Tomonoura, a 1.400-year-old village off the coast of Japan

Tomonoura | Photo: Flickr

Tomonoura is a village in Hiroshima prefecture located on the Seto Inland Sea coast and is part of the Setonaikai National Park. Its pristine natural landscape and the absence of industrialization and modernization have preserved the town’s original charm to this day.

Tomonoura has also safeguarded numerous historical structures from the Edo period (1603-1868), making it a rare gem among coastal towns in Japan. With a population of around 3,350 people, Tomonoura remains a tranquil and simple village, providing a refuge from the overcrowded conditions often found in Tokyo, Kyoto, and other popular Japanese destinations.

The village gained recent fame as the backdrop for Marvel’s “The Wolverine” and served as inspiration for Studio Ghibli’s animated film “Ponyo on the Cliff by the Sea,” directed by Hayao Miyazaki.

Despite its accessibility – just a 30-minute bus ride from Fukuyama station – many foreign tourists have yet to discover this hidden historical village.

While the origins of Tomonoura are not widely known, it has been mentioned in Japan’s eight oldest tanka poems, written between 600 and 750 AD.

Positioned on a peninsula where currents converge from both the east and west, the port town experienced economic and touristic growth. Tomonoura thrived during the era of sailboats when merchant ships traversing the Seto Inland Sea would dock at its port, awaiting favorable tides. The town center flourished with maritime activity, fostering industries such as the production of “homeishu,” a medicinal liquor made from shochu, and 16 types of herbs believed to promote longevity.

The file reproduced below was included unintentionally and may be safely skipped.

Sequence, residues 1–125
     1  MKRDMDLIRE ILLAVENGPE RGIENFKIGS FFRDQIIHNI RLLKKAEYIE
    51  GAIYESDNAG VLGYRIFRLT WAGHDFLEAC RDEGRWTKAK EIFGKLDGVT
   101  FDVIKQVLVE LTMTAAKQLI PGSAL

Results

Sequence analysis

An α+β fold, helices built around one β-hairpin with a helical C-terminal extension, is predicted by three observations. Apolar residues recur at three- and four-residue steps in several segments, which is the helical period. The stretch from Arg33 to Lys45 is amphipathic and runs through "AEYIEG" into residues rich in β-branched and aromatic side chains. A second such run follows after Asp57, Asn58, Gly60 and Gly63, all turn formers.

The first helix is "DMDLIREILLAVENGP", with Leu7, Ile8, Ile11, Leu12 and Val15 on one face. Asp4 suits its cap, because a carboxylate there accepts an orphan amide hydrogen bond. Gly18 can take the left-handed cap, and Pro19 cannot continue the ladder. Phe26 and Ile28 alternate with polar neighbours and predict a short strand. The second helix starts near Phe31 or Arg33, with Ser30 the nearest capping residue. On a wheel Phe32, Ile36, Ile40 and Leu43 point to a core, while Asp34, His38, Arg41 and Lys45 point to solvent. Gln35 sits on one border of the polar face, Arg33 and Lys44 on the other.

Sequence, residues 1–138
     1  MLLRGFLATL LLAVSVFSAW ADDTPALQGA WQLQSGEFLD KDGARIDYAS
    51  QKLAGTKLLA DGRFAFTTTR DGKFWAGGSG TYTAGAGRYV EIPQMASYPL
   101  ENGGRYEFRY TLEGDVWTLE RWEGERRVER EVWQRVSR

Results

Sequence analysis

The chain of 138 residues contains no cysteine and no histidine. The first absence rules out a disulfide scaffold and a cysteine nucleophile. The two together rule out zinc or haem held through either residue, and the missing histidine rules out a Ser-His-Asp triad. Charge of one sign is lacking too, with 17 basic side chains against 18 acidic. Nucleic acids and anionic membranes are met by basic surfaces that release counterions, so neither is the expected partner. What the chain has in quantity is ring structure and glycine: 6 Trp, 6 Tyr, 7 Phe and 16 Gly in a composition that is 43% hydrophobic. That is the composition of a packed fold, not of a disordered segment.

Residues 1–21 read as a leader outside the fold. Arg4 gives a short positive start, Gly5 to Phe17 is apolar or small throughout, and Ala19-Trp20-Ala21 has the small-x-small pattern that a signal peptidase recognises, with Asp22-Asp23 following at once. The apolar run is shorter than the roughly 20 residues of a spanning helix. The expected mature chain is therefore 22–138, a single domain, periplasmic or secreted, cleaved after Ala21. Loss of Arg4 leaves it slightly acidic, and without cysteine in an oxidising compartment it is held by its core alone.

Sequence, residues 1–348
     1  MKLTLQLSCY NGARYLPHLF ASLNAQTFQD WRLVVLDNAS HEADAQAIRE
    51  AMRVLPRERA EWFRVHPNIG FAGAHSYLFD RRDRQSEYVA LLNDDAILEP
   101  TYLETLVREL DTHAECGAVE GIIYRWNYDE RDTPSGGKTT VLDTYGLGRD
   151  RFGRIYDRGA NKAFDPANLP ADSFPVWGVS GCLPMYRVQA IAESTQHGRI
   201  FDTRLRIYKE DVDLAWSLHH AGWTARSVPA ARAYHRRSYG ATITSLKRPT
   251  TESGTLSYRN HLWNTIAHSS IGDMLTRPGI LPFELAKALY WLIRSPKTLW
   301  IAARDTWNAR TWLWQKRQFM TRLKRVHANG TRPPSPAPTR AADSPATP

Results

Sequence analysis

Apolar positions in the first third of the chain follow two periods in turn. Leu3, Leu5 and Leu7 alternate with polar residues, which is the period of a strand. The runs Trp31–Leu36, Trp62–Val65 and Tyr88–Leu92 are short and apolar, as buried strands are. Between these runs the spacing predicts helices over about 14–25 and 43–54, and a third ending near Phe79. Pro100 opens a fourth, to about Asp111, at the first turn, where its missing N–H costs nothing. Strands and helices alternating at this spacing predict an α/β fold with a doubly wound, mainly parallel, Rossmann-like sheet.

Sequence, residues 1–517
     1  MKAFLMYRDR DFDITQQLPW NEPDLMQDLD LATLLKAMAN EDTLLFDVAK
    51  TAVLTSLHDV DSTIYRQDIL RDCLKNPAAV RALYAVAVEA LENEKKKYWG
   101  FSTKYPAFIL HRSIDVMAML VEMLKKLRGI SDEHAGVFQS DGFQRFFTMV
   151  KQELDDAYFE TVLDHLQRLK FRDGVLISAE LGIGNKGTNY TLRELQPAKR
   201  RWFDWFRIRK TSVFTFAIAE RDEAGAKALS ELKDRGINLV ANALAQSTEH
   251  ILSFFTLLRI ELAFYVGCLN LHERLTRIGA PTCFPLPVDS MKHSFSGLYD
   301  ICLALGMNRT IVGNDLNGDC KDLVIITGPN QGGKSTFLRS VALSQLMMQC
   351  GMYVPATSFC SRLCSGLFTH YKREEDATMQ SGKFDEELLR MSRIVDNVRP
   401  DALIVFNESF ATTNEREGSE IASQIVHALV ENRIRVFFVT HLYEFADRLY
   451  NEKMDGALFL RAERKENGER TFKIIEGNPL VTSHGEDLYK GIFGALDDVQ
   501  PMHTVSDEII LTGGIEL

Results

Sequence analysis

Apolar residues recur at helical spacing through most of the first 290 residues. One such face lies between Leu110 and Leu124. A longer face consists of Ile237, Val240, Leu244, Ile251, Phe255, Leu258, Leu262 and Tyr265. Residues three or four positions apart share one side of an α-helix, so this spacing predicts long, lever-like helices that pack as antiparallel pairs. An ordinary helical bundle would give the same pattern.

Though time has passed, first-time visitors to Tomonoura can still recognize the small circular harbor, behind which extend narrow lanes with traditional townhouses and shrines. With around 280 buildings dating back to the Edo period, Tomonoura boasts more structures related to the port than any other place in Japan.

The 11-meter-tall Joyato lighthouse is the tallest stone lighthouse in Japan and is considered the spiritual heart of the harbor, surrounded by numerous fishing boats. Beneath the lighthouse, a stone pier with 24 steps leads down to the sea, designed to facilitate the loading and unloading of goods regardless of the tide.
(Photo: Flickr)

The only road leading to the town offers breathtaking views, with mountains on one side and the sea on the other. Exploring the town on foot is the best way to experience its unique atmosphere, showcasing the fullness of rural life – people walking their dogs, fishing boats coming and going
(Photo: Wikimedia Commons)

Affectionately called Tomo, the town evokes a sense of nostalgia, evident in establishments like Hirai Shoten. While shelves are stocked with everyday essentials like bread and dish soap, the traditional Japanese lantern at the entrance announces that the specialty of the shop is oden, a comforting Japanese dish.
(Photo: Flickr)

Ota Residence stands as the grandest residence in Tomo, a complex of 9 buildings, including a two-story main house, warehouse, and a liquor factory for producing homeishu. The Nakamura family, owners of the residence, were knowledgeable about Chinese herbs and created homeishu in 1659, a medicinal liquor using 16 types of herbs and plants. They were subsequently granted exclusive production and sales rights, maintaining this privilege throughout the Edo period.
(Photo: Wikipedia)

Another long-standing industry in Tomonoura is metalworking, as all the waiting ships needed anchors and nails. While there are still about 10 companies today, Sangyo Corporation is the only one employing not only modern computer techniques but also traditional methods.
(Photo: CNN Travel)